Susan Meiselas (1989-03-02)

Susan Meiselas
Practice: Documentary Photographer and Critic
Date of Lecture: 1989-03-02

Meiselas_Susan_w01Nicaragua, June 1978 – July 1979, (1981) © Susan Meiselas

Susan Meiselas is an Amazon with a social conscience and a sense of history. What her eye (and therefore her camera) catches are the injustices of the world, dictatorships, wars, and their victims” – Inge Morath

Susan Meiselas is an award winning documentary photographer best known for her work in Central America. She was born in Baltimore Maryland in 1948, attended Sarah Lawrence College in 1970, and received her Masters of Education from Harvard in 1971.

She has been a freelance journalist since 1976, working on projects in India, Chile, Nicaragua, and El Salvador, and has also taught at the New School for Social Research. Her photographs have been published in Time, The New York Times, Paris Match and Life, she has exhibited her work around the world, has edited and authored several books and co-directed two documentary films
She was invited to join Magnum Photos in 1976, based on the strength of a series she had completed on carnival strippers. Shortly after joining Magnum she left New York for Nicaragua, arriving just before the hostilities broke out between the Sandanistas and President Samoza. She stayed there to cover the insurrection with courage and empathy, for which she was recognized in 1978 when she received the Robert Capa Gold Medal for “outstanding courage and reporting”. Central America remained the focus of her life and of her work for many years.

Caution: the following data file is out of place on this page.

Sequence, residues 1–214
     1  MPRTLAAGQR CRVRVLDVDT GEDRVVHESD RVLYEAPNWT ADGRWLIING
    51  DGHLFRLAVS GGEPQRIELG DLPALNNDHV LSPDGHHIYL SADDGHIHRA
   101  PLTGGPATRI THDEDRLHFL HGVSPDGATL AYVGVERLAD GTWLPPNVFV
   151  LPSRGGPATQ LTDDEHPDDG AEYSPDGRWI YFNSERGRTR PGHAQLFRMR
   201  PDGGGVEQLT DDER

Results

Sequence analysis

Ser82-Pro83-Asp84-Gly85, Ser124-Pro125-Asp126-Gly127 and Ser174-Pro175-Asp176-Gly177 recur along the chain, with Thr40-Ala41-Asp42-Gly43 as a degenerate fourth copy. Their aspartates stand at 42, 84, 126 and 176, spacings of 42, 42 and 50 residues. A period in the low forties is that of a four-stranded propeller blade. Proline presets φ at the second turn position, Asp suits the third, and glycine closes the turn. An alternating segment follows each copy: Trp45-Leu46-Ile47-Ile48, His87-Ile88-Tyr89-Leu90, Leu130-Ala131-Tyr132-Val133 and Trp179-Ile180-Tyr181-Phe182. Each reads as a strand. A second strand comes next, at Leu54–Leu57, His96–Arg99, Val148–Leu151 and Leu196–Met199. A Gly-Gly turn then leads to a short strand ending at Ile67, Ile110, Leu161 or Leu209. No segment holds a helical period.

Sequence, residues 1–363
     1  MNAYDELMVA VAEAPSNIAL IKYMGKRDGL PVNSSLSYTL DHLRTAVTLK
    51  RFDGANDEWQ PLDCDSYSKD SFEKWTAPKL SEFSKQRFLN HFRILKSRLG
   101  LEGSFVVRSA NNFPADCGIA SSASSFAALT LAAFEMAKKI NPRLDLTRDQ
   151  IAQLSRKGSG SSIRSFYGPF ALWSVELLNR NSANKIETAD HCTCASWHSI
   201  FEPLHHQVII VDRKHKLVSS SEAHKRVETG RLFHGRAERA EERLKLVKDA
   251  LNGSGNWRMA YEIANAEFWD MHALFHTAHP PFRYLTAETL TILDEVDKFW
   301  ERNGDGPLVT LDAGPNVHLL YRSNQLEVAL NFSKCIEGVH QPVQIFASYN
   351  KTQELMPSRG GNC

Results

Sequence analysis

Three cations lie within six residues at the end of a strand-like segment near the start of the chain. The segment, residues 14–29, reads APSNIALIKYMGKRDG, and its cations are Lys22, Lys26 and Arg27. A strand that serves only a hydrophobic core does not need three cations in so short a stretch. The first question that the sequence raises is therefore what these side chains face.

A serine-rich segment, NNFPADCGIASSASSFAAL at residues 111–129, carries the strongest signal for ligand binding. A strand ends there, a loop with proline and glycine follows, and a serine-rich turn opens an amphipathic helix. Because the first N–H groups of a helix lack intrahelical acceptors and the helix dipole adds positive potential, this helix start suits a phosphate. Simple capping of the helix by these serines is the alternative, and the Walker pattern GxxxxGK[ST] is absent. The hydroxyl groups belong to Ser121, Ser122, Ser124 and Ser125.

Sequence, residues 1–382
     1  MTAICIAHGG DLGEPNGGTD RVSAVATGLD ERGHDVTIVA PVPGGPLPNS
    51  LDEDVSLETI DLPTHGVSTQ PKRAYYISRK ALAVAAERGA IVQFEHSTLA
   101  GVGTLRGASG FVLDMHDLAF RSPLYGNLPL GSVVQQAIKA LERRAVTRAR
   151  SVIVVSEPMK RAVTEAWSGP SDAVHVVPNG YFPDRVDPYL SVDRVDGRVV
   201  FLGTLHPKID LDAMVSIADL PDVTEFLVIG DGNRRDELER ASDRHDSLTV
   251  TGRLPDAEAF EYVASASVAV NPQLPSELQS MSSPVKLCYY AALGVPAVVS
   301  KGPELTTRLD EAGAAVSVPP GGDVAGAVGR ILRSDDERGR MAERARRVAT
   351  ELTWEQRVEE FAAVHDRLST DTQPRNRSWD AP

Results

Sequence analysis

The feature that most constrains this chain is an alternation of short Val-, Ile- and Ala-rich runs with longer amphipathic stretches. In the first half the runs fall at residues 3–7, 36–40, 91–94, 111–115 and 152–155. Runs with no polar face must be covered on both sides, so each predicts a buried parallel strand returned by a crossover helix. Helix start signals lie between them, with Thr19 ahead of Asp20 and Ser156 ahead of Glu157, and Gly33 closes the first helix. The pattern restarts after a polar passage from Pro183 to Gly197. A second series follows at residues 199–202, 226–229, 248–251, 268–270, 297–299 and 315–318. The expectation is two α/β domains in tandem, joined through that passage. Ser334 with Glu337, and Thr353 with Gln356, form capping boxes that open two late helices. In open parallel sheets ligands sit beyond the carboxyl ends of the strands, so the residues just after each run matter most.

Her most recent publication is entitled Kurdistan, In the Shadow of History, a book outlining the history of the Kurds by combining various forms of documentation (oral histories, diaries, letters, newspapers, memoirs, British and American government documents, and telegraphs). It is recognized as an essential document of a people whose history has otherwise been systematically erased.

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